Many of the miners eventually returned to China but those who did not strike it lucky could not afford to go back and some ended their days at the Dunedin Benevolent Society's institution in Caversham.

Two mass exhumations were carried out by the Poon Fah Association, which decided to ship remains to villages in China, Mr Wong says. The first was in 1883. The last shipment, in 1902, was lost when the steamer SS Ventnor sank off the Hokianga coast.

Sending the dead back to ancestral soil was considered important for spiritual salvation but in his view those left behind were more fortunate: ''Here they are remembered 140 years after they died as a permanent part of New Zealand's history. If their bones had gone back to China and been buried, industrialisation would have bulldozed the whole lot over.''

Cemeteries are steeped in history and in some cases, are the only record of who lived in a district, Mr Harvey says. But damage is a widespread problem and the $300,000 the trust has spent restoring graves in Dunedin has ''hardly scratched the surface''.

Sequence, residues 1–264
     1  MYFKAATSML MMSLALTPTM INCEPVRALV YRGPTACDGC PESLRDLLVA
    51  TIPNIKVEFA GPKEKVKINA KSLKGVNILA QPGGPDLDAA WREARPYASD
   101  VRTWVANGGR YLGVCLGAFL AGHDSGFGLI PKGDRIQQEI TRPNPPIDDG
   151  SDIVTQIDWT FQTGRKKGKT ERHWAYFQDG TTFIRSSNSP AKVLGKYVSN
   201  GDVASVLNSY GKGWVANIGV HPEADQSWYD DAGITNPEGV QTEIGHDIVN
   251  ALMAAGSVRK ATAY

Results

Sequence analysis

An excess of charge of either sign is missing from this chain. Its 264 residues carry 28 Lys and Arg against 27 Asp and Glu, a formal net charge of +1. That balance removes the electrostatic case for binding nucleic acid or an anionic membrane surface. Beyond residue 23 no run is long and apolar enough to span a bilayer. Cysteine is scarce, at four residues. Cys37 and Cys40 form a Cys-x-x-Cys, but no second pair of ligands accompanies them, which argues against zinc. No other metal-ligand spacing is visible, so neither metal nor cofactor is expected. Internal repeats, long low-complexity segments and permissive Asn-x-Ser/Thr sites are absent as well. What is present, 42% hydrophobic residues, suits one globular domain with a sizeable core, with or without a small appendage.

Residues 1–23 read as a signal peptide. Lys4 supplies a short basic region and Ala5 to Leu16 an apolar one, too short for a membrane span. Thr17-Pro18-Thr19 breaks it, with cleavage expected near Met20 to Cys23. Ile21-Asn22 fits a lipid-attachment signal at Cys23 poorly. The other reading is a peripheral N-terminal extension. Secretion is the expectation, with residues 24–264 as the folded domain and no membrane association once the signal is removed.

''There's a huge amount to do yet but it all takes money.''

One who knows the magnitude of the task is Mr Wong, who together with wife Maisie, restored 48 Chinese gravestones at the Andersons Bay Cemetery. The couple took broken stones home, where they cemented, pinned and glued them together and re-lettered them using a dental drill. The work began in 1996 and took six years.

''The significant thing about this restoration,'' he says, looking around the Southern Cemetery, ''is that two generations away in China, when scholars become more English-fluent, they'll come here using English as their search tool to find the early history of those who left China.''

The Dunedin man says vandalism is ''just a part of life'' and he is relieved the restored headstones will survive at least another generation.

''The Chinese were a part of the early fabric of Dunedin and Otago. This is the only Chinese cemetery of this magnitude in New Zealand so ... it's something well worth preserving.''


Be there
Dunedin Mayor Dave Cull will perform a dedication at 2pm today, which in Chinese tradition is Ching Ming Day or ''tomb-sweeping day'', the day to visit ancestors' graves and leave flowers or nuts. Because roads in the cemetery are narrow, members of the public should drive through the main (South Rd) entrance, drop off passengers, then exit through the Eglinton Rd entrance and park in Eglinton Rd.